• March 2021 update: The licence for dapagliflozin now includes the treatment of symptomatic chronic heart failure with reduced ejection fraction. Dapagliflozin is currently NOT included on the BSW formulary for this indication and should not be prescribed for HF. NICE published a positive TA recommendation for this on 24th February 2021 and local guidance is being developed. The BSW APC will deal with this TA in due course to make it available.
 
Link  NICE TA288 November 2016: Dapagliflozin in combination therapy for treating type 2 diabetes
Link  NICE TA390 May 2016: Canagliflozin, dapagliflozin and empagliflozin as monotherapies for treating type 2 diabetes
Link  NICE TA418 November 2016 Dapagliflozin in triple therapy for treating type 2 diabetes
Link  NICE TA597 August 2019: Dapagliflozin with insulin for treating type 1 diabetes
 
Sotagliflozin
(Tablet)
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Formulary
  • 200mg tablet
  • NOTE: This drug is not available yet in the UK but will be included on BSWformulary for use with insulin for treating type 1 diabetes as per NICE TA622. 
  • BSW APC will determine Traffic Light Status etc once available (expected early 2021) 
 
Link  NICE TA622: Sotagliflozin with insulin for treating type 1 diabetes
 
06.01.02.03  Expand sub section  Thiazolidinediones
Pioglitazone
(Tablet)
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Formulary
traffic lightGreen
  • 15mg, 30mg, 45mg
  • Use in accordance with NICE NG28. 
 
Link  MHRA Dec 2014- Insulin combined with pioglitazone: risk of cardiac failure
Link  MHRA Dec 2014- Pioglitazone: risk of bladder cancer
 
 ....
 Non Formulary Items
Acarbose
(Tablet)

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Non Formulary
  • No new patients - no longer recommended in any national guidance.
 
Albiglutide (Eperzan)

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Non Formulary
 
Alogliptin / metformin
(Vipdomet)

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Non Formulary
 
Alogliptin / pioglitazone
(Incresync)

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Non Formulary
 
Canagliflozin / metformin IR
(Vokanamet)

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Non Formulary
 
Dapagliflozin / metformin
(Xigduo)

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Non Formulary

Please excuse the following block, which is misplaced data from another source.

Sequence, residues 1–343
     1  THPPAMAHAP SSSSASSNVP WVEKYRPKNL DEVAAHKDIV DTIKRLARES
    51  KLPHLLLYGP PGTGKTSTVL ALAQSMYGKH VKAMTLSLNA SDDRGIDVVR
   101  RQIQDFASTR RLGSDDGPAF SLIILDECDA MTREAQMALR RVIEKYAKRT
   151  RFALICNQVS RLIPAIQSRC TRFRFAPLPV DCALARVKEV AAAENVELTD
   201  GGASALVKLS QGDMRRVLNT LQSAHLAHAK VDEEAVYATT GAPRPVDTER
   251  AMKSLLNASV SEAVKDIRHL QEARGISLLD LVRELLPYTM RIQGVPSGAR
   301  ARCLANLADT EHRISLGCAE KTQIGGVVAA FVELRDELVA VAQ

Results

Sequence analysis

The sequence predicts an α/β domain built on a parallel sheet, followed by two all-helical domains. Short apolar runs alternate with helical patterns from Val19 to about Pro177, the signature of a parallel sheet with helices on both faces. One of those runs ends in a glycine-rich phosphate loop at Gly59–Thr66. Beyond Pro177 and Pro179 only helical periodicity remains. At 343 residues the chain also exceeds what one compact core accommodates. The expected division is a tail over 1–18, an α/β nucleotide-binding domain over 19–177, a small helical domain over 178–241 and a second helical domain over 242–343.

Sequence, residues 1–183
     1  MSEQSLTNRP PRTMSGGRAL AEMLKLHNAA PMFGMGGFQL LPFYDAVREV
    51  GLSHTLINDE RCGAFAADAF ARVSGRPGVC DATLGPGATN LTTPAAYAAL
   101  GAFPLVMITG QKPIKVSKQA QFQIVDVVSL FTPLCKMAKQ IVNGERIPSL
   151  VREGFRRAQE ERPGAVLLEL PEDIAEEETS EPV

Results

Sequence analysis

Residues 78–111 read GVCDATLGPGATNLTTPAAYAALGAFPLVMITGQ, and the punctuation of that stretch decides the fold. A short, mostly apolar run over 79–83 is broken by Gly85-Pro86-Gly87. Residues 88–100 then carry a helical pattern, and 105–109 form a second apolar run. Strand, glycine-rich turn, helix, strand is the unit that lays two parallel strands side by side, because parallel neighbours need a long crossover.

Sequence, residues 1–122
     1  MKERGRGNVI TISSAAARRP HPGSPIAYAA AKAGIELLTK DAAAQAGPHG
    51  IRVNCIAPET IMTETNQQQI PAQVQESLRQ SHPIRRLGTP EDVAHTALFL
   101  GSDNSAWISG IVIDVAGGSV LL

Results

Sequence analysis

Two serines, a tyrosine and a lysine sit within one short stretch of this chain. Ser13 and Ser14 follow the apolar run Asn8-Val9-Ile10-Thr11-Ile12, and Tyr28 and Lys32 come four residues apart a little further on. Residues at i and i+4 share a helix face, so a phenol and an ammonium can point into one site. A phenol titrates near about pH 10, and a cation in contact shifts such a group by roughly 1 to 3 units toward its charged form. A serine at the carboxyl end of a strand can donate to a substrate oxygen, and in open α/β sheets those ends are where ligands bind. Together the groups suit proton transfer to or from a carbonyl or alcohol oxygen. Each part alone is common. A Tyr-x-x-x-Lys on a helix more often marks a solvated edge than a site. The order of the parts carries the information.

Empagliflozin + linagliptin
(Glyxambi)

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Non Formulary
 
Empagliflozin and Metformin
(Synjardy)

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Non Formulary
 
Insulin degludec and liraglutide
(Xultophy)

View adult BNF View SPC online
Non Formulary
Link  New risk materials for healthcare professionals to use when prescribing Xultophy
 
Linagliptin/ metformin
(Jentadueto)

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Non Formulary
 
Nateglinide (Starlix)

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Non Formulary
 
Pioglitazone and Metfomin
(Competact)

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Non Formulary

Prescribe as separate ingredients. See Prescribe Well Spend Less

 
Rosiglitazone (Avandia)

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Non Formulary
 
Rosiglitazone and Metformin
(Avandamet)

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Non Formulary
 
Saxagliptin (Onglyza)

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Non Formulary
 
Saxagliptin and metformin
(Komboglyze)

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Non Formulary
 
Sitagliptin and Metformin
(Janumet)

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Non Formulary
 
Vildagliptin

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Non Formulary
 
  
Key
note Notes
Section Title Section Title (top level)
Section Title Section Title (sub level)
First Choice Item First Choice item
Non Formulary Item Non Formulary section
Restricted Drug
Restricted Drug
Unlicensed Drug
Unlicensed
Track Changes
Display tracking information
click to search medicines.org.uk
Link to adult BNF
click to search medicines.org.uk
Link to SPCs
SMC
Scottish Medicines Consortium
Cytotoxic Drug
Cytotoxic Drug
CD
Controlled Drug
High Cost Medicine
High Cost Medicine
Cancer Drugs Fund
Cancer Drugs Fund
NHSE
NHS England
Homecare
Homecare
CCG
CCG
Blueteq
High Cost Drug Approval System

Traffic Light Status Information

Status Description

Traffic LightRed

RED - Hospital only to be prescribed by a specialist and supplied from secondary care ONLY throughout treatment.  

Traffic LightAmber

Amber medicines are considered suitable for GP prescribing following specialist initiation or recommendation.  

Traffic LightAmber with Shared Care

Shared Care - these medicines require specialist initiation and stabilisation. Ongoing division of responsibility for drug and disease monitoring between specialist and GP by a Shared Care Guideline (SCG). If no SCG in place status reverts to red.  

Traffic LightGreen

These medicines are appropriate for initiation in both primary and secondary care. Prescribing is appropriate within licensed or local recommendations.  

Traffic LightSelf

Suitable for patient to be directed to buy themselves  

Traffic LightGrey

Not currently used. We intend to include this TLS in future to highlight where a decision to use this medicine is under review.   

Traffic LightBlack

(In use from Oct 2020) Used where a decision has been made by the BSW APC not to routinely commission this preparation for its licensed indications. Do not prescribe.   

Traffic LightRed Specialist Centre

Not currently used. We intend to include this TLS in future to highlight where this medicine and indication is ONLY available through a Specialist Centre according to a NICE Highly Specialised Technology or NHSE Specialised Commission Circular / Policy.